“People weren’t really sure what was going on right after because the city was wet and there was flooding, but it wasn’t that bad until the levee broke, a day and a half later, so we thought we could probably go back. People were celebrating that it wasn’t that bad, so nobody really thought it was that big of a deal until that happened,” explains Weinreb.

It quickly became clear that Tulane’s class of 2009 would not be heading back to Louisiana at all this fall. Making alternative plans, however, still came as a bit of a shock.

“People starting asking me where I was going. I started calling all these schools, thinking, ‘ok, I better get on that,’ ” said Weinreb.

Gordon explains, “At first I was looking at bigger schools that were offering free tuition and free housing, but then they were saying, ‘oh, we have no housing.’ As a freshman my parents didn’t want me living off campus because I might as well be living at home.”

Both Weinreb and Gordon were originally deciding between Colgate and Tulane. Weinreb explained that she wanted to enroll at a school this fall that she would feel comfortable staying at in the event that Tulane is not completely in order for the spring semester of 2006.

The two explained that Tulane has been working to keep in touch with students. The University has a website that has been updated daily and is currently being updated every few days. There is a chat room with Tulane’s president every Friday night as well as a hotline that students can call.

In reaction to the controversy over the reaction time of the U.S. government to the catastrophe, Gordon explains, “It was really hard to even realize the extent of the disaster. We were down there and we didn’t know.”

Weinreb adds that the government should have responded to the obvious need for new or repaired levees even before hurricane season.

“Recently, I think, within the past year, the government has rated the top huge catastrophes that could happen in the U.S., and a hurricane hitting New Orleans was a top concern. And the problem was that the levees that they had were so old that they couldn’t withstand such a huge hurricane. And the government knew that, and there could have been time and effort put into fixing them. The hurricane isn’t what ruined the city; it was the levees breaking. I just find that very frustrating,” said Weinrib.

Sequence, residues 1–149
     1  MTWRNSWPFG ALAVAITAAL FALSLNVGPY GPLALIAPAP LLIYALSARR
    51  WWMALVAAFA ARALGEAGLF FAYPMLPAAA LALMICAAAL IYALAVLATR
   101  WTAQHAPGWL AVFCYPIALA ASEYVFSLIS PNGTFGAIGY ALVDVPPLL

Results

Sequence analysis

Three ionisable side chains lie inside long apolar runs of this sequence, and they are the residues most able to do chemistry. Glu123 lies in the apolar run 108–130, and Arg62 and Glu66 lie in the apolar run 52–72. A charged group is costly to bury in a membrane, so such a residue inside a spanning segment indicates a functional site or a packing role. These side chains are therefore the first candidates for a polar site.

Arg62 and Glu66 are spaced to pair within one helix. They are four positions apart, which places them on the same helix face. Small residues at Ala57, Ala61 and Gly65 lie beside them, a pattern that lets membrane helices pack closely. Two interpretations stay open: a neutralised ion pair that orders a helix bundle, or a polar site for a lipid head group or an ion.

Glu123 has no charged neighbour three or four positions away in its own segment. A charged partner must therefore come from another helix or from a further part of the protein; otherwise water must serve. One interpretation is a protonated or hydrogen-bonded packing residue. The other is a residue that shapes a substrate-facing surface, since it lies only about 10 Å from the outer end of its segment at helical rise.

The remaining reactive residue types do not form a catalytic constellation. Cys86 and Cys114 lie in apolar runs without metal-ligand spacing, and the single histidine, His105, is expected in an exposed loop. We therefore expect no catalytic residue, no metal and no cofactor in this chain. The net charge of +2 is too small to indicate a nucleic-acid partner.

Despite having personal items and clothing strewn across the nation and being forced to begin their college careers on a completely different campus than planned, Melissa and Sarah are making the most of their experience at Colgate. They speak passionately about the devastation of Katrina, which has no doubt proved to be a major reality check. Weinreb explained that she felt that watching throngs of people without clothes, water or food on CNN showed her that she could not complain about not having every amenity and having been inconvenienced.

Regardless of what these two learn in class their first year in college, it is sure that they have learned to be flexible in trying scenarios.

“You have to just go with what life throws at you, I guess,” said Weinreb.

It has been a frightening yet eye-opening experience.

“You feel like you’re never safe anywhere. My sister studied abroad in Israel second semester and all her friends said she was crazy and they’re all going to England, and then the bombings happen there. And then I went to school in New Orleans and then this happens. So it’s pretty remarkable,” said Weinreb.